While I’m a little saddened for dashed hopes, I’m mostly relieved by the decision to cancel Boston’s Olympics bid. For me, as for many others, the risks associated with the Olympics appeared too great for the Commonwealth to backstop. We should be proud for the robust debate we’ve had and I thank all who have participated in it — it looks to me like we just dodged a bullet.
In the budget debate this week, the Senate adopted an amendment offered by Senator Tarr which sets in place a clear boundary on state liability for the Olympics. The Boston 2024 group has said all along that they don’t want to use taxpayer funds or put the taxpayers at risk. However, many of us feel it is critical that we put in place clear legal protections so that we are not surprised.
Senator Brownsberger shares Senator Donnelly’s invitation to residents from neighboring communities to attend a town hall meeting in Arlington on Monday, June 1, 6:30-8:30 p.m. to meet with representatives from Boston 2024 and ask questions about the Olympic bid. The meeting will be held at Arlington Town Hall, 730 Massachusetts Avenue.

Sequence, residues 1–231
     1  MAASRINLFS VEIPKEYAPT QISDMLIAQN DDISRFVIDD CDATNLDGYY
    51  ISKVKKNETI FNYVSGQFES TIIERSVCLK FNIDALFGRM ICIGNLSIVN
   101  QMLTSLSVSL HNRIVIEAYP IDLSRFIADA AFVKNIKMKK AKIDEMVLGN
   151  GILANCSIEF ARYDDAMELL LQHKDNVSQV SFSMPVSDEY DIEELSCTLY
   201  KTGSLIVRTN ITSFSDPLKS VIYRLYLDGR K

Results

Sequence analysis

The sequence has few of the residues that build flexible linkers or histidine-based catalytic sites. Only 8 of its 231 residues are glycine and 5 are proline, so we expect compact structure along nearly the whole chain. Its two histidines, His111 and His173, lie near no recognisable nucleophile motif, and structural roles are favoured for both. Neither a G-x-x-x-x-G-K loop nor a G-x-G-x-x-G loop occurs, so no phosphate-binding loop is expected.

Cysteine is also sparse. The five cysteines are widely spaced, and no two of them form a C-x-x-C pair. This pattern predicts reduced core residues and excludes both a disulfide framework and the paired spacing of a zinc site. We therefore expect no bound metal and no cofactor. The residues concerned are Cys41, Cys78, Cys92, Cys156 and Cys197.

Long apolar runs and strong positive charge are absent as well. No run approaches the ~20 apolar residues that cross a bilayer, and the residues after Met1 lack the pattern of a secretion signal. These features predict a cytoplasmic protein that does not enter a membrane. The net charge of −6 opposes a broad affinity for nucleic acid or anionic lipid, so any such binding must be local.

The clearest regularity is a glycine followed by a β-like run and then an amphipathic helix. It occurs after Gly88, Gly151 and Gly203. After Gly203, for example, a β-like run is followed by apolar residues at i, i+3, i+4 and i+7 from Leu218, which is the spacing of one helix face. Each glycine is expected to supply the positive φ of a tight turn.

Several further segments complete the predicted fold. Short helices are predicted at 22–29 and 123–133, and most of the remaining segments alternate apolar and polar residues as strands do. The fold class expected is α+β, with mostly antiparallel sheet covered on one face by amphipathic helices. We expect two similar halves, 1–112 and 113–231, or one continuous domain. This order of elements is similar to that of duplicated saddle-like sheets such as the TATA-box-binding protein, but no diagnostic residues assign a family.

Scott Lehigh’s recent column on the the Olympics (this post includes a link) does a great job in summarizing my frame of mind. I like the Olympics idea and feel we can eventually work through most of the concerns about venues, transportation, etc. But I’m most concerned about the possibility of the taxpayers picking up the tab.
Will–here are a few sources that seem to indicate a 15% to 20% chance of Boston hosting the Olympics in 2024. The data is all was all available at the time of the USOC selection announcement – if new information is available, the odds may have changed.
Representatives Mike Moran and Aaron Michlewitz have filed legislation that would create a state level commission to oversee the Olympics bid process. I am very open to the idea of an Olympics in Boston; I think their initiative is timely and helpful and I have signed on as a cosponsor.